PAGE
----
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Immigration questioned in 'tolerant' Sweden

Reactions against immigrants have become more prevalent in Sweden, for years seen by victims of conflict as a bastion of tolerance. The anti-immigration Sweden Democrats have risen in voter polls to vie for third place a year before a general election that could leave them holding the balance of power. City councillor Adam Marttinen personifies the growing anti-immigration sentiment. Dressed in an immaculate suit, gone is the skinhead image that once pushed the party to the sidelines. Marttinen equated immigrants with a burden on the welfare budget, saying "The main thing is we have to stop immigration to this city.”

The Sweden Democrats have advanced in voter surveys to nearly 10 percent from five percent in the last election.

Immigration is increasingly part of the mainstream debate in a country where some 15 percent of the population is foreign born, the highest in the Nordic region. It is a rise in asylum seekers, drawn by Sweden's robust economy and tradition of helping refugees, that has attracted most controversy and is stirring anxiety among minority groups.

Nearly half of asylum seekers were from Syria, Afghanistan and Somalia.

"You can see that the language and tone is more vulgar now. That gets worse and worse," said Bejzat Becirov, founder of Sweden's first mosque, the Islamic Centre, in the southern city of Malmo, one of the cities with most immigrants.

"Sweden is not a racist country. Ninety percent are good people," said the Islamic Centre's Becirov. "But we must also be honest, it's a difficult time right now."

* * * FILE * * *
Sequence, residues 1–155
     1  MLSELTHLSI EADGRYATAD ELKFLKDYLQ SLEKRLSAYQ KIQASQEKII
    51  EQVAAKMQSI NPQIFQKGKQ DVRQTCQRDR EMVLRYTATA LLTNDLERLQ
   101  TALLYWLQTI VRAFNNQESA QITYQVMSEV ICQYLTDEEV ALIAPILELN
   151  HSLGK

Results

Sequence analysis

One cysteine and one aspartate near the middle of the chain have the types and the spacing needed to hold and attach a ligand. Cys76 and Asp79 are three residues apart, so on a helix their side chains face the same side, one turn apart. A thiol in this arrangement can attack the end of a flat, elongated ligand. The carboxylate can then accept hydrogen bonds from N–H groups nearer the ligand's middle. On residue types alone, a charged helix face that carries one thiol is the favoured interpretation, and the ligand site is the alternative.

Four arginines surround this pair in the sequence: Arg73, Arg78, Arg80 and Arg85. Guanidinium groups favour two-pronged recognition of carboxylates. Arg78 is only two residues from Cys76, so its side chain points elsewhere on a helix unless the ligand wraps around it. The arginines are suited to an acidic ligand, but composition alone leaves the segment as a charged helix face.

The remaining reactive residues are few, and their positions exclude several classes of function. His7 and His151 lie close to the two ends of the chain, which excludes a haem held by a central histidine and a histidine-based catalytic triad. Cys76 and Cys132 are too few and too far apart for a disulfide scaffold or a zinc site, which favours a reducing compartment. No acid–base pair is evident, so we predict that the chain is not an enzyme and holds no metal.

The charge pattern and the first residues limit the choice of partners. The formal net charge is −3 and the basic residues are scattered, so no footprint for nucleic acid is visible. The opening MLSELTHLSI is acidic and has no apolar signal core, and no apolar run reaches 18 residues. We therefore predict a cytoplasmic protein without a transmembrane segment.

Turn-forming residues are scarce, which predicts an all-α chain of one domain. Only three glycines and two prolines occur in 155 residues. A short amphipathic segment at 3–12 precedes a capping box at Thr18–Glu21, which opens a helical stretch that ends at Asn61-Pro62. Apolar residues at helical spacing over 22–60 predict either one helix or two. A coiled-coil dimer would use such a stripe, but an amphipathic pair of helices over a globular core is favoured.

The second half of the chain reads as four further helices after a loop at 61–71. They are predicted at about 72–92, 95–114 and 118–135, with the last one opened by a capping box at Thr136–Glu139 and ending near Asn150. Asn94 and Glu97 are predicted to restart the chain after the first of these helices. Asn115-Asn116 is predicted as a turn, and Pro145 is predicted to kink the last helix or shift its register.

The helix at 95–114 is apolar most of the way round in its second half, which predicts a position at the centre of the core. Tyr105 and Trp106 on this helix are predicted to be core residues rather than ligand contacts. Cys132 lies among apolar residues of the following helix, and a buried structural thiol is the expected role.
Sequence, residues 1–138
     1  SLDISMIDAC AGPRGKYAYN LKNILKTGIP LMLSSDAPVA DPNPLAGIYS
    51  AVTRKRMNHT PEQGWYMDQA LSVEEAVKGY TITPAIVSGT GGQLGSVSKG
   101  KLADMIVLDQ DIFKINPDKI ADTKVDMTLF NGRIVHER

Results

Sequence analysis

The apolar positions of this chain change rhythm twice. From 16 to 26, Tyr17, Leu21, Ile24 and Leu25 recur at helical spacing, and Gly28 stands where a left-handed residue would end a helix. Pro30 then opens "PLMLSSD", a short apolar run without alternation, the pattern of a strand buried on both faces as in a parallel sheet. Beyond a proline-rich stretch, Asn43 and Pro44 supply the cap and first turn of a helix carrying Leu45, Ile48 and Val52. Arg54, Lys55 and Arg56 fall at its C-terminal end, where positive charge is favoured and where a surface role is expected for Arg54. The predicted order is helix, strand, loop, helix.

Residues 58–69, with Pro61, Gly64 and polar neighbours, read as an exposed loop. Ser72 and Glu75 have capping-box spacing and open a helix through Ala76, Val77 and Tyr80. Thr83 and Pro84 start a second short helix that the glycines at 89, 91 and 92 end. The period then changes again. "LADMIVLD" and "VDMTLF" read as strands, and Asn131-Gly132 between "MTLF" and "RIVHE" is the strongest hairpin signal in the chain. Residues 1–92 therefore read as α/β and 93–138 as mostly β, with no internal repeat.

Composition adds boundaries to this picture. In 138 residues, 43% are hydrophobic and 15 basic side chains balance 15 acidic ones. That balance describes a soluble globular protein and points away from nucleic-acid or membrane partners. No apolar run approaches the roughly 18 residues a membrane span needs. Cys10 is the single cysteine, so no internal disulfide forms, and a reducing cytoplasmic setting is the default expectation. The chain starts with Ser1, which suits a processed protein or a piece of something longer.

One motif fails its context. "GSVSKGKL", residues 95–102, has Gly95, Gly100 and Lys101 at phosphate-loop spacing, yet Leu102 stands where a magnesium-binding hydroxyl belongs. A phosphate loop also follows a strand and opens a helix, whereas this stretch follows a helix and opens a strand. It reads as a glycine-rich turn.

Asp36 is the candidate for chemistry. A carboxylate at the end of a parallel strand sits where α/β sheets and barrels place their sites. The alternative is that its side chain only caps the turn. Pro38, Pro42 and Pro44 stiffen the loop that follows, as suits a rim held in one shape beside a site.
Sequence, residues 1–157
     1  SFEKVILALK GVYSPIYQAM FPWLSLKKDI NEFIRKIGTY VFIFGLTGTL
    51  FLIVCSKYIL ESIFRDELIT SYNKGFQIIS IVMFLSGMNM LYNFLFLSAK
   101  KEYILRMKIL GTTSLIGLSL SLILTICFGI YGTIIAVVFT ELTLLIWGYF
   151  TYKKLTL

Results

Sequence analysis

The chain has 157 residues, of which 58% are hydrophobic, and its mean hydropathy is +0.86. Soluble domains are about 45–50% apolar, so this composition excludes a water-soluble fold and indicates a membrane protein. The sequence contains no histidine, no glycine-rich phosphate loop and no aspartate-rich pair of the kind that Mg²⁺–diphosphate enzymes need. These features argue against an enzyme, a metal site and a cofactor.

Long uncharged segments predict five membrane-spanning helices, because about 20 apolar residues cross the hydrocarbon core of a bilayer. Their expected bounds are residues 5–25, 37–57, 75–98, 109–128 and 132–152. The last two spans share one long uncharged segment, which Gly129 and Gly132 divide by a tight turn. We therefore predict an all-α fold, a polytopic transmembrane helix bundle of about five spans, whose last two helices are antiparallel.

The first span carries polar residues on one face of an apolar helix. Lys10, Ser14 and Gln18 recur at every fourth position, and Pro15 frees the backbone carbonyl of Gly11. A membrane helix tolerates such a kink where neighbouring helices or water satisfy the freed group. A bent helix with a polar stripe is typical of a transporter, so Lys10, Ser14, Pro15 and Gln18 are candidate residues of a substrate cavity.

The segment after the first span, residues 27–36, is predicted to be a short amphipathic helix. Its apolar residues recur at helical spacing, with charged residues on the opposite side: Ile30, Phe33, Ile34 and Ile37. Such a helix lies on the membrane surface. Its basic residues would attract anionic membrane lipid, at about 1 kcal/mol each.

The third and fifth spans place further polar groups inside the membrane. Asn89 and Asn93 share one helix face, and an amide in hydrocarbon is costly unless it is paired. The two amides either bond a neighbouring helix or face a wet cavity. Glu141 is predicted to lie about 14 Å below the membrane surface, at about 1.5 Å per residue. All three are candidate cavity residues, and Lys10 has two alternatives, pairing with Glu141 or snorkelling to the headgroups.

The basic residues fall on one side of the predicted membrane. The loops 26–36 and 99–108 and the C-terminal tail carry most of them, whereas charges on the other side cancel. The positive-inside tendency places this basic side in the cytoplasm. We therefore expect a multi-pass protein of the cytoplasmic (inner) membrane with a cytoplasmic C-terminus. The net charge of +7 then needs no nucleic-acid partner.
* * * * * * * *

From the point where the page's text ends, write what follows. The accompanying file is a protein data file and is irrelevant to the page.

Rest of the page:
But the immigration spurt came as many Swedes are feeling insecure due to headlines about job cuts featuring some of their most iconic companies, from Ericsson to airline SAS.

"Sweden is one of the countries that receives the most immigrants in the EU. That's not sustainable," Immigration Minister Tobias Billstrom said earlier this year.

REGIONAL TREND

The minister's statement reflects how Sweden's reputation as one of Europe's most welcoming countries for immigrants may be eroding. Other Nordic countries are experiencing similar patterns.

OECD data show foreign-born unemployed rates, at 16 percent, compare with 6 percent for native Swedes. Sweden needs high employment levels to pay for its extensive welfare.

"Sweden is seeing the most intense debate on immigration in its political history," said Andreas Johansson Heino, a political scientist at Sweden's Timbro think tank.

"What we are seeing is polarisation in Sweden."

Across the Nordic region anti-immigration parties, which languished after Anders Behring Breivik's killing of 77 people in Norway in 2011, are gaining support.

The Danish People's Party, a power broker in the last coalition, has gained. In Norway, the Progress Party, hit by sex scandals that also eroded its image, is now the third largest party.

Leader Jimmie Akesson has improved the image of a Sweden Democrats party long perceived as dominated by the far right. His aim is to reduce immigration by 90 percent.

"We want to be a real kingmaker," he said.

FEVER PITCH

In recent months, immigration issues have reached fever pitch.

Immigration Minister Billstrom sparked furore when he said people protecting illegal immigrants were no longer "blonde and blue-eyed" but fellow migrants exploiting cheap labour. This prompted a dressing down by Prime Minister Fredrik Reinfeldt.

When a librarian removed a Tintin book from the children's section on the basis it contained racist and imperialist views, it caused a storm on Twitter and in newspapers. The library put it back.

Then Stockholm's police were accused of using racial profiling to arrest paperless immigrants in the metro.

A bus driver in the capital made headlines when he was suspended from work, accused of separating passengers based on their foreign looks.

Around 20 percent of Swedes now believe the Sweden Democrats have the best immigration policy, pollster Novus says.

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